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Republicans grill Biden public lands agency pick over finances, advocacy

Republicans grill Biden public lands agency pick over finances, advocacy
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Republicans on the Senate Energy Committee on Tuesday grilled Tracy Stone-ManningPresident BidenJoe Biden 64 percent of Iowans say 'time for someone else' to hold Grassley's Senate seat: poll Philadelphia shooting leaves 2 dead, injures toddler Ron Johnson booed at Juneteenth celebration in Wisconsin MORE's pick to lead the Bureau of Land Management, questioning her on partisanship and her personal finances.

While Democrats praised Stone-Manning for her record on issues of importance to the western U.S., ranking member John BarrassoJohn Anthony BarrassoDemocrats facing tough reelections back bipartisan infrastructure deal Judge halts Biden pause on new public lands oil leasing GOP senator: I want to make Biden a 'one-half-term president' MORE (R-Wyo.) expressed concerns that she “does not fit the bill” to direct the bureau.

“Her career has been defined by her support for policies that restrict multiple-use activities on public lands,” Barrasso said in his opening statement, also citing her opposition to moving Bureau of Land Management headquarters to Colorado.

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The GOP senator pressed Stone-Manning about political ads run by the group Montana Conservation Voters last year targeting Sen. Steve DainesSteven (Steve) David DainesGOP senator introduces constitutional amendment to ban flag burning Company officially nixes Keystone XL pipeline OVERNIGHT ENERGY: Biden ends infrastructure talks with key Republican | Colonial Pipeline CEO grilled over ransomware attack | Texas gov signs bills to improve power grid after winter storm MORE's (R-Mont.) conservation record. Stone-Manning served as treasurer and was on the group’s board of directors at the time.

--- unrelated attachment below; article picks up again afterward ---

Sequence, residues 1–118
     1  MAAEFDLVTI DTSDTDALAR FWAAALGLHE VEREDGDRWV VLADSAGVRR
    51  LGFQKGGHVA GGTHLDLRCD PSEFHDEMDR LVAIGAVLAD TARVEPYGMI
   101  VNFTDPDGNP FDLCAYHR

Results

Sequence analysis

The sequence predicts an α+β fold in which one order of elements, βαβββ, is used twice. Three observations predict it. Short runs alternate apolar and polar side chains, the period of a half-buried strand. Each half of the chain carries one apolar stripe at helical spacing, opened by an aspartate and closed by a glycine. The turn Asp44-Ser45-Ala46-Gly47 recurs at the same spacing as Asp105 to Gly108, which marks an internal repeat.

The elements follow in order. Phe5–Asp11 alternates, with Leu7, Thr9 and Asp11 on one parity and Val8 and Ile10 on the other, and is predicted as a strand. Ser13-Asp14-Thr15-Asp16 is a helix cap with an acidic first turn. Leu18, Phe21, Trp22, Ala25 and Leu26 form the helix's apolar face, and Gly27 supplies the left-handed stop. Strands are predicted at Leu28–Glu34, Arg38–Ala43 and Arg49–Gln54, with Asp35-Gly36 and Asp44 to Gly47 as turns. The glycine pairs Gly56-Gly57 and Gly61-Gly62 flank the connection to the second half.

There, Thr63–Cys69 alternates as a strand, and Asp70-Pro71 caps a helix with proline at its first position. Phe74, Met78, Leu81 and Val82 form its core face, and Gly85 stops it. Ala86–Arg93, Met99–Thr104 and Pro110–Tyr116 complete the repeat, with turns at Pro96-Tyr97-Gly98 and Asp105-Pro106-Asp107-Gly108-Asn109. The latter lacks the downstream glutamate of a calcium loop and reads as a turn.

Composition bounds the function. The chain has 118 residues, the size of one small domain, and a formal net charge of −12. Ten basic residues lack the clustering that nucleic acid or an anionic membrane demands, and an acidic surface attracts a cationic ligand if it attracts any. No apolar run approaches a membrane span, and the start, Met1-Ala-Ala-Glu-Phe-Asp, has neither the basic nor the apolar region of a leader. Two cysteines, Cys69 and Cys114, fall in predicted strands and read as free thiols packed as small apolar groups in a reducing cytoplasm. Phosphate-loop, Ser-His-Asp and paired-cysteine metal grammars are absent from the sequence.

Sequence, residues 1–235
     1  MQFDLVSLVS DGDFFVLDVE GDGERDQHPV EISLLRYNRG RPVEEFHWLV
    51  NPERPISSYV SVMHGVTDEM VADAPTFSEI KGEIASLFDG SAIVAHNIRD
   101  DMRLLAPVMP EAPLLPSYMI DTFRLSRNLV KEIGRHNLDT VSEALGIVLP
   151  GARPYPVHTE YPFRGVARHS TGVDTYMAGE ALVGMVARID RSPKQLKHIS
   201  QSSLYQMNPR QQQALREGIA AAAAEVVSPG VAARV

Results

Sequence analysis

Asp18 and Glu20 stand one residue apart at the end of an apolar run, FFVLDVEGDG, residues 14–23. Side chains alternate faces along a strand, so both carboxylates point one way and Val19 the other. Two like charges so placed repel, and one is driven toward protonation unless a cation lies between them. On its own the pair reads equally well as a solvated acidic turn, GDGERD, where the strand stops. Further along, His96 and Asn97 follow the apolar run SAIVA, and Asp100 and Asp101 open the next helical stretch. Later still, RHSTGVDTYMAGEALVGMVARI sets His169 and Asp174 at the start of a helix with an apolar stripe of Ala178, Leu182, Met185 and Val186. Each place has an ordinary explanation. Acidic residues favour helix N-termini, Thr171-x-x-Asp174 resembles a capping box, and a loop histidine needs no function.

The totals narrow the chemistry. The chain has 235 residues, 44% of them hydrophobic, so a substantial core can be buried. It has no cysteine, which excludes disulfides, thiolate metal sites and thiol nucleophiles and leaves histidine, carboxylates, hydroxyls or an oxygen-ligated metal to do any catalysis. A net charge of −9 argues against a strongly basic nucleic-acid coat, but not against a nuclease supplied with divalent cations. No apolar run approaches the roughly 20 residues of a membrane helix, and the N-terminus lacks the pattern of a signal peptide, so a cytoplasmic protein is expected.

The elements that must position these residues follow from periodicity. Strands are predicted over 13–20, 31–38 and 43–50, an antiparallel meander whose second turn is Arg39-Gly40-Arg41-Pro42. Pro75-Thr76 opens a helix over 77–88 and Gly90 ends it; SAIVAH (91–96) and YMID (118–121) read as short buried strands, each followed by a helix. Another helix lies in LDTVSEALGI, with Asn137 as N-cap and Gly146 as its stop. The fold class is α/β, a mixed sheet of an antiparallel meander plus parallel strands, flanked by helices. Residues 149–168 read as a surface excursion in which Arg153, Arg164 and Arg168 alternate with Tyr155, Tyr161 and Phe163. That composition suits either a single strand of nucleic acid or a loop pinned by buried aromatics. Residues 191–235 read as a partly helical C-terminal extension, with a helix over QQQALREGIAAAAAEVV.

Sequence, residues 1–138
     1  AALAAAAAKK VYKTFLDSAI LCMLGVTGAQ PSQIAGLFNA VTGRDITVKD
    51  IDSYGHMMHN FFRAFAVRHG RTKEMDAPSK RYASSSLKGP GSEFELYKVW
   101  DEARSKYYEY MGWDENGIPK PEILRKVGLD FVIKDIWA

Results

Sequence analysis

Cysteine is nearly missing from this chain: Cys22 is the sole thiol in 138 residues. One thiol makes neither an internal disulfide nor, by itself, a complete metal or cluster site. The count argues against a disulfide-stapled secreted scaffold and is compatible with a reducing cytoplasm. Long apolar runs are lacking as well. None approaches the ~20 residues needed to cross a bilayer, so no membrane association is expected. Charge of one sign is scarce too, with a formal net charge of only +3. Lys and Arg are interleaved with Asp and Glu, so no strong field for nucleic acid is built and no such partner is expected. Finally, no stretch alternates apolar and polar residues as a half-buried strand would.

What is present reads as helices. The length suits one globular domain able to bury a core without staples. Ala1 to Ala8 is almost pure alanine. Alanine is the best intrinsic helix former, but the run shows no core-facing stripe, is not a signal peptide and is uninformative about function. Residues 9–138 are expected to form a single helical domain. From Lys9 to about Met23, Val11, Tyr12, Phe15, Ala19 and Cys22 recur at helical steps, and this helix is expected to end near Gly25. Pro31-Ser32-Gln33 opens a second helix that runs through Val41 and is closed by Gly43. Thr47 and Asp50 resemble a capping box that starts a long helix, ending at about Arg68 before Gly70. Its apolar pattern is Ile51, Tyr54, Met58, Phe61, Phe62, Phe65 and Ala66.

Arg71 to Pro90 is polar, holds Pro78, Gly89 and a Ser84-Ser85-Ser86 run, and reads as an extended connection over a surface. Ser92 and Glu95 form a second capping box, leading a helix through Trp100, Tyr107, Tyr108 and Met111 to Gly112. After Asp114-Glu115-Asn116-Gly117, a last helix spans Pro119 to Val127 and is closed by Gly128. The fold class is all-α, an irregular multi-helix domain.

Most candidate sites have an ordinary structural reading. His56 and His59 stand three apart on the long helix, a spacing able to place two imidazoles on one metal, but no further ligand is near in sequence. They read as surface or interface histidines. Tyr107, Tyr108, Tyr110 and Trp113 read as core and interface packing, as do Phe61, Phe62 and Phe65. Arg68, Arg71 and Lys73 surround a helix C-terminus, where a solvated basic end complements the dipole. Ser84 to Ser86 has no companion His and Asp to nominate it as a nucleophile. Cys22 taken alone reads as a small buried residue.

“I have led nonprofit organizations and I have been on the board of nonprofit organizations, and I take very seriously the difference between those two roles,” Stone-Manning responded, adding that she had a policy of “never micromanaging staff” over the course of her nonprofit work.

Sen. Jon TesterJonathan (Jon) TesterCentrists gain foothold in infrastructure talks; cyber attacks at center of Biden-Putin meeting Centrists gain leverage over progressives in Senate infrastructure battle On The Money: Sanders: Democrats considering trillion spending package | Weekly jobless claims rise for first time since April MORE (D-Mont.) introduced Stone-Manning, who served as his regional state director from 2007 to 2012, and defended her from Barrasso’s allegations.

“The points that you’ve brought up, about appropriate use, did not describe the person that I just talked about,” Tester said. “This person listens, she works, she does the right thing. I would not be here today introducing her if I thought she was the person you described. This is a good person that has a good heart that understands the value of our public lands.”

Daines himself also questioned Stone-Manning, asking if she continued to object to the Keystone XL pipeline. Stone-Manning declined to answer, saying she “cannot and would not second-guess” Biden’s decision to halt the oil pipeline.

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Sen. Roger MarshallRoger W. MarshallRepublicans grill Biden public lands agency pick over finances, advocacy Senate passes resolution urging probe into COVID-19 origins Republicans seek vindication amid reemergence of Wuhan lab theory MORE (R-Kan.), meanwhile, questioned Stone-Manning about her personal finances, raising a 12-year personal loan mentioned in her disclosures from during her time working for Tester, noting that she received the loan with an interest rate of 6 percent at a time that the going rate was 11 percent. Marshall went on to ask if she considered this a conflict of interest during a period when she was working for a U.S. senator, and whether she was aware that the interest rate was below average.

In response, Stone-Manning called financial ethics “deeply important to me,” saying “like many people in 2008, we got smacked by the recession, and a friend loaned us some money to make sure we could get through it.”

Asked if she felt she “gained something” with the terms of the loan, Stone-Manning responded “I was grateful for the help from a friend.”

Stone-Manning testified alongside three other nominees, including Shalanda Baker, nominated to direct the Department of Energy’s Office of Minority Economic Impact; Samuel T. Walsh, nominated as the department’s general counsel; and Andrew Light, nominated as assistant Energy secretary for international affairs.